Ben Martin of the United States reacts with his caddie Luke Hopkins after a birdie on the 10th green at Sea Island Resort Seaside Course.
More recently, though, Martin has battled a lingering back injury, which plagued him in 2018 and 2019. He hasn’t finished inside the top 125 in the FedEx Cup since 2017, and he admits he’s had thoughts of hanging up the sticks.
“Maybe even going through a phase there, man, do I want to transition careers kind of thing?” Martin said after his third-round 65 on the Seaside course. “I don’t know if I ever seriously thought about that, but it was certainly in my head when your body is not feeling great and you’re not playing great golf and struggling to enjoy our time out here.
“I think one thing I learned coming back is if I can enjoy it first, then I think good golf comes instead of telling yourself you have to play well to have some fun out here. … I think I’ve always had pretty good perspective, but as family comes and kids and stuff like that, you kind of realize if I shoot 62 or 72 tomorrow, not a whole lot is going to change in my life.”
Speaking of shooting 62 or 72 on Sunday, he may very well do either of those things if his three final-round scores this season are any indication. On Sundays in this fall campaign, he’s carded a 79 (Fortinet Championship), 66 (Shriners Children’s Open) and 75 (Butterfield Bermuda Championship).
So, regardless of what tournament history says, given Martin’s volatility, Rodgers’ winless streak and so many players near the lead, the many chasers are well positioned to win.
Among those are Canadian Adam Svensson, who carded a third-round 62—the low round of the day—to move within a shot. Sahith Theegala is also part of the group of three lingering one shot back. The former Pepperdine star is in his second year on tour after an excellent rookie season in which he recorded five top-10s. A former Haskins Award winner like Rodgers, Theegala has already posted two top-six finishes in his sophomore campaign and is looking to capture his maiden victory on Sunday.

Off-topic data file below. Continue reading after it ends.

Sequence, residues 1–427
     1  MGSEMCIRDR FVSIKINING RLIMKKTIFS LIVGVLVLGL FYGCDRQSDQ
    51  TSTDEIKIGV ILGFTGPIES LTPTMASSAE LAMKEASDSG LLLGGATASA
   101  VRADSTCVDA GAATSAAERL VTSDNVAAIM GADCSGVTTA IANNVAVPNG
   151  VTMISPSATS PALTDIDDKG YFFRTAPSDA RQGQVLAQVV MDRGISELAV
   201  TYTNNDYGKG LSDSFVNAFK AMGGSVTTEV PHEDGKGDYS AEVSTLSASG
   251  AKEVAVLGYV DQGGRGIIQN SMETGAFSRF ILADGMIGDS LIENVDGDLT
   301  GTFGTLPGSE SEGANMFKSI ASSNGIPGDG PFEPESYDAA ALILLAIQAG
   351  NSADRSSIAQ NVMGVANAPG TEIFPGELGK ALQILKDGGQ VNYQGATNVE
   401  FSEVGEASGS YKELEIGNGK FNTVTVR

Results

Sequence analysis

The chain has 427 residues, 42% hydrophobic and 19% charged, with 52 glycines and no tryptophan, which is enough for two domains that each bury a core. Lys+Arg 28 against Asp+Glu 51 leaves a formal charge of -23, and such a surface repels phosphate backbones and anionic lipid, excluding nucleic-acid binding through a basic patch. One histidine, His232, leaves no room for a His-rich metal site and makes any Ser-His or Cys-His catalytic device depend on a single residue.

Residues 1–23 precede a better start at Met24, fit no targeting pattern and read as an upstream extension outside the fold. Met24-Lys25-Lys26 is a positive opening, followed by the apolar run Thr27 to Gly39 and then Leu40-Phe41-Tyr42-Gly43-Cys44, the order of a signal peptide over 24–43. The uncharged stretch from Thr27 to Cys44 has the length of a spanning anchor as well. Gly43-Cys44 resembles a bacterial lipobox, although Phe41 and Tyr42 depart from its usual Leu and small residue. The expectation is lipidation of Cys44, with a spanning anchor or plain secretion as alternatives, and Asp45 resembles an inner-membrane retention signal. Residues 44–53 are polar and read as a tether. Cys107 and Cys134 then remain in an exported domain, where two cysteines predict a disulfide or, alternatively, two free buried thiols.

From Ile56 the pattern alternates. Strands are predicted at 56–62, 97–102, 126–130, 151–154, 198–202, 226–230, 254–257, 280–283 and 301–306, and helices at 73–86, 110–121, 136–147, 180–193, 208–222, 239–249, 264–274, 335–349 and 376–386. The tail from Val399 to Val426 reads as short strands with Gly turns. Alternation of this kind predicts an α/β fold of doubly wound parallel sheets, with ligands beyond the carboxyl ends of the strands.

Sahith Theegala of the United States reacts to his shot from the 16th tee at Sea Island Resort Seaside Course.
On Saturday, though, despite shooting a two-under 68 to move within one of the lead, the 24-year-old was visibly frustrated, even after hitting seemingly decent shots. (He’s coming for you, Hideki Matsuyama.)
Asked after the round if the frustration stemmed from his desire to get the win on Sunday, Theegala said, “No, like I just want to play good golf really bad. I'm not referencing a win or anything. Just wanting to get the best out of what I am, because I feel like my game is in a really good spot and [I’m] playing really well.”
The intrinsically motivated Californian will join fellow Pepperdine alum Andrew Putnam and St. Simons Island resident Brian Harman in the penultimate grouping on Sunday. Harman is among the seven players at 12 under, just two shots back—a group which also includes recent International Presidents Cup team member Taylor Pendrith, 2016 Haskins Award winner Beau Hossler, fan favorite Harry Higgs and a couple of Duke grads in Kevin Streelman and Alex Smalley.
Four more players will start at 11 under, three shots back, and another nine are within striking distance at 10 under, four back. In other words, the history of 54-hole leaders prevailing at the RSM Classic will be thoroughly tested on Sunday, when the pack of chasers will look to track down Rodgers and Martin.